We Found the Best Way to Reheat Leftover Pizza

Whatever you do, skip the microwave.

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Food Network Kitchen’s pizza croutons as seen on Food Network.,Food Network Kitchen’s pizza croutons as seen on Food Network.

Photo by: Stephen Johnson ©2015, Television Food Network, G.P. All Rights Reserved

Stephen Johnson, 2015, Television Food Network, G.P. All Rights Reserved

By Heath Goldman for Food Network Kitchen

Some people love eating cold pizza straight from the box, but if you’d prefer your leftovers to taste like they were served by your house pizzaiolo, we have some piping-hot tips.

Fresh-tasting leftovers start with correct pie storage. While it’s tempting to just shove the entire box in the fridge, remember that pizza boxes are anything but airtight, so storing pizza this way practically guarantees it’ll dry out. And as every aficionado knows, dryness is the enemy of leftover pizza. Instead, take a few extra minutes to wrap each slice individually. Slip the slices into storage bags — ideally reusable, but resealable plastic bags will work — or tightly wrap a stack of slices in plastic wrap. Leftovers will last for up to three days in the fridge.

When it comes to reheating, resist the urge to pop a slice in the microwave. Why? Again: dryness. Microwave leftover pizza, and it’ll not only dry out but also harden. G-r-o-s-s. Instead, reach for a nonstick skillet. Reheating a slice on the stove is one of the fastest ways to achieve a crisp crust and gooey cheese.

Here’s how you reheat leftover pizza on the stove: Place a slice in a skillet over medium heat, cover the skillet and cook for six to eight minutes. Some people swear that adding a few drops of water to the skillet gets the cheese extra melty, but we’ve found that covering the skillet yields the same results by trapping steam.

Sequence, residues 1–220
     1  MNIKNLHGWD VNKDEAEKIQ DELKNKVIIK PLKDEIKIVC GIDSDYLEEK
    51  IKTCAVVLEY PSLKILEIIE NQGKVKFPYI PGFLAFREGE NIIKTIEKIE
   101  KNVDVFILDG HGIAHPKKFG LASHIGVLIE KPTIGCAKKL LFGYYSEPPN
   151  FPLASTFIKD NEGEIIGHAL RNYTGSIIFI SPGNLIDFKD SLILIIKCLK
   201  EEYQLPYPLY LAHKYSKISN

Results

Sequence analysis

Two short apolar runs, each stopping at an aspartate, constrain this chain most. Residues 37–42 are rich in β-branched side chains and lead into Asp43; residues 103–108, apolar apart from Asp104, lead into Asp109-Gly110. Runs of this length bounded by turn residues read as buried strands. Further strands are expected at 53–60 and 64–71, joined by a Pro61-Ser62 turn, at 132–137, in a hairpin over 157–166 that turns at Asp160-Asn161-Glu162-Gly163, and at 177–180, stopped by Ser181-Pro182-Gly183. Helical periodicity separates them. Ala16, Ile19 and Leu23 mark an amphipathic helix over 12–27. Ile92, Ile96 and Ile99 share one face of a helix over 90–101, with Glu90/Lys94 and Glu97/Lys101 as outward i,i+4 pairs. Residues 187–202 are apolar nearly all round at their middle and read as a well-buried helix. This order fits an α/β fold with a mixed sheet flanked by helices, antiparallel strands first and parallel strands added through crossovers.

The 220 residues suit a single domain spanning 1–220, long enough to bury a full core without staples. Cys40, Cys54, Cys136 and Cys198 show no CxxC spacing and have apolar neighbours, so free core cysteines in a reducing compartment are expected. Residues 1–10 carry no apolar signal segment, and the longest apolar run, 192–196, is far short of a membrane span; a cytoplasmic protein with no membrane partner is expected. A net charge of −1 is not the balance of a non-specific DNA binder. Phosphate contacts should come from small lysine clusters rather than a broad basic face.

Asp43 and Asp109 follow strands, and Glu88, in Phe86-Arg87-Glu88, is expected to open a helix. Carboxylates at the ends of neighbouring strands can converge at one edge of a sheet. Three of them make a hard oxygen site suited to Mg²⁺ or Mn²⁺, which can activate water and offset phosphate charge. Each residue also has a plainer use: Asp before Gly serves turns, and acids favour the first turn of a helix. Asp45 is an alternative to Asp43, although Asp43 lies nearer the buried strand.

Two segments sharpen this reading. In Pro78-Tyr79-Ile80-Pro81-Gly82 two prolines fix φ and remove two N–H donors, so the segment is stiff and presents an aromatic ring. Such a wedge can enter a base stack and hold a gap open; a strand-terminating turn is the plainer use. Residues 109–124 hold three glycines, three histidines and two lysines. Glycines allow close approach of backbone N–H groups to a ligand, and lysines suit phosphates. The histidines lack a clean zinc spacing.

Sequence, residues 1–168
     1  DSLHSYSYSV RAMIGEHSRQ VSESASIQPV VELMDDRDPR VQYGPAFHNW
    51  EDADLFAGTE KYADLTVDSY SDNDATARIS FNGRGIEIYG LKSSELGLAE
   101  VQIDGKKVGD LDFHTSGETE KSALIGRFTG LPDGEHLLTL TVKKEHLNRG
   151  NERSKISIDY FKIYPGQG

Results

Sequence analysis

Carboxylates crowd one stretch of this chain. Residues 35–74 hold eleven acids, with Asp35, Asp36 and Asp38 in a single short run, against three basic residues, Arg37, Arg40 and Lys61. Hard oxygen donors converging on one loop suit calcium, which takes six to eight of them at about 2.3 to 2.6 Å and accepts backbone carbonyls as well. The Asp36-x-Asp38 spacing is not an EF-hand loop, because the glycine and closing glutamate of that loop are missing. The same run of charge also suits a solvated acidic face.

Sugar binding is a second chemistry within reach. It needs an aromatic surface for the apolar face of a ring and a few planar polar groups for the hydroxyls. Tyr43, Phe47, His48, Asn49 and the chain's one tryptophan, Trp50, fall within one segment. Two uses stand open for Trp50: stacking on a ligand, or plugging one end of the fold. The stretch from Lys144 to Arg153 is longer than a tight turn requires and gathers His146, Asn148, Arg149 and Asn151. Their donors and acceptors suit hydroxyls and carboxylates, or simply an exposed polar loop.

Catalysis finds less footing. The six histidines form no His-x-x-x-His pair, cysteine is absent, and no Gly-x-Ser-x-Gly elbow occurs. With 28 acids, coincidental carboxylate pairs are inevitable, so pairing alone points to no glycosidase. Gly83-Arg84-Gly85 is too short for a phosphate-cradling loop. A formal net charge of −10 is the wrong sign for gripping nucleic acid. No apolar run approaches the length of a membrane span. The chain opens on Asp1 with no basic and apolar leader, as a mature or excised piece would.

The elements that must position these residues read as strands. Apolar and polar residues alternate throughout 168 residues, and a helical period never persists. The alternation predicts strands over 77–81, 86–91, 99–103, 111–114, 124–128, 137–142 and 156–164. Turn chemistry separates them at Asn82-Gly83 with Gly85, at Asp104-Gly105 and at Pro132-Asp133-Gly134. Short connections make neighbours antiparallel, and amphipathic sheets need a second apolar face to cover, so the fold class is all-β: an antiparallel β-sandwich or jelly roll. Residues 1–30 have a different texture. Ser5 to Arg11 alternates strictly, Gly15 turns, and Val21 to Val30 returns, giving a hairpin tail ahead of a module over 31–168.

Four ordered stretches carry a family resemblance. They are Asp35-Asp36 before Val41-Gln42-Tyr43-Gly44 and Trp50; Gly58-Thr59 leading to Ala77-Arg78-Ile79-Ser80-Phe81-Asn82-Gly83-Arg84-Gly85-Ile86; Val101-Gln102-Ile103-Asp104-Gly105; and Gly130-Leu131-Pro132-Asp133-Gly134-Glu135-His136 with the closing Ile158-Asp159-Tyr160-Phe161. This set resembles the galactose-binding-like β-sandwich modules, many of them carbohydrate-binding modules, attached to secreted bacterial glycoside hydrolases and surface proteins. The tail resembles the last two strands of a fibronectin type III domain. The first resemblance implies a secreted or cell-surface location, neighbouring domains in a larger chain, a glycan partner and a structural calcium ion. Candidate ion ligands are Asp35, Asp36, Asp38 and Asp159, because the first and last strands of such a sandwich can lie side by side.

To reheat a bunch of slices at the same time, turn up your oven as hot as it’ll go and place a baking sheet inside while it preheats. When the oven comes to temperature, carefully transfer the slices to the baking sheet in a single layer. Cook them until the cheese is hot and bubbly. The goal is to blast the ’zza with heat, so the crust gets crispy again but the cheese doesn’t dry out.

Once your pizza is hot and melty, it’s time to get creative by adding a few fresh toppings. Our number one favorite way to brighten up a slice is to add a smattering of tender herbs. Torn fresh basil is ideal, but chopped oregano, dill, parsley or even fennel stems will instantly perk up a slice. Adding fresh veggies in general is great way to boost freshness. Consider topping pizza with some thinly sliced cherry tomatoes. Or pile on lightly dressed greens (salad pizza is a magical dinner, people).

We love to add a bit of finely grated Parmesan cheese to our slices. Skip the store-bought canister and opt for a nice hunk of imported Parmesan. Then use the finest holes on a box grater to create a delicate powder that’ll instantly add aromatic, nutty flavor to leftover pizza without weighing it down. Avoid adding more melting cheese like mozzarella, which has a lot of moisture and could make the pizza soggy.

Reaching for the condiment drawer is always a brilliant way to do some doctoring up, too. Something as simple as a honey drizzle will instantly take a leftover dollar slice to the level of a gourmet pizzeria pie. And we’d encourage you to experiment. Think: chile oil, dill pickles, capers, pickled jalapenos, pepperoncini or ranch dressing.

Finally, if your leftover pizza is nearing the end of its shelf life, you can try transforming it into another dish all together. For example, you could slice it up it strips and bake it until crisp to create pizza croutons. Pretty darn brilliant.

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